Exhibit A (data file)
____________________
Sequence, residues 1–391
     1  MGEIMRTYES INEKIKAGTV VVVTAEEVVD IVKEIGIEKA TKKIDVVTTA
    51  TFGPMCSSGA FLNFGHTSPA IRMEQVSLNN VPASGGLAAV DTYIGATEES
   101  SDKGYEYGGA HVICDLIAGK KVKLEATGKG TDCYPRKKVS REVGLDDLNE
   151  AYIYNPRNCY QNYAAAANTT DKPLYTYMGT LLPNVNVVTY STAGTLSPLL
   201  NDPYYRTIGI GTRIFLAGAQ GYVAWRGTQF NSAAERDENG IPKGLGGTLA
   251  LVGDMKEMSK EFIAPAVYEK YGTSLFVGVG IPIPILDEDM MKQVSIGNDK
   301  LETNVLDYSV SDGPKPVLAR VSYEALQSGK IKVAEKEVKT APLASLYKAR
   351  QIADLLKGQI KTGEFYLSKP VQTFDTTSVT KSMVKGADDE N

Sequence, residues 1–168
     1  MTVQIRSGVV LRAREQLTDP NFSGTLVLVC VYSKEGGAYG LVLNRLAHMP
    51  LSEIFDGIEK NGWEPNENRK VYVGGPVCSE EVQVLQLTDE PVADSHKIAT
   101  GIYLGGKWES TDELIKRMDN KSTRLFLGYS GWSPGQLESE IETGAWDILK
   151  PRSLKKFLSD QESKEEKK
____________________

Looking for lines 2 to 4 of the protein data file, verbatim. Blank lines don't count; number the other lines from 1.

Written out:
     1  MGEIMRTYES INEKIKAGTV VVVTAEEVVD IVKEIGIEKA TKKIDVVTTA
    51  TFGPMCSSGA FLNFGHTSPA IRMEQVSLNN VPASGGLAAV DTYIGATEES
   101  SDKGYEYGGA HVICDLIAGK KVKLEATGKG TDCYPRKKVS REVGLDDLNE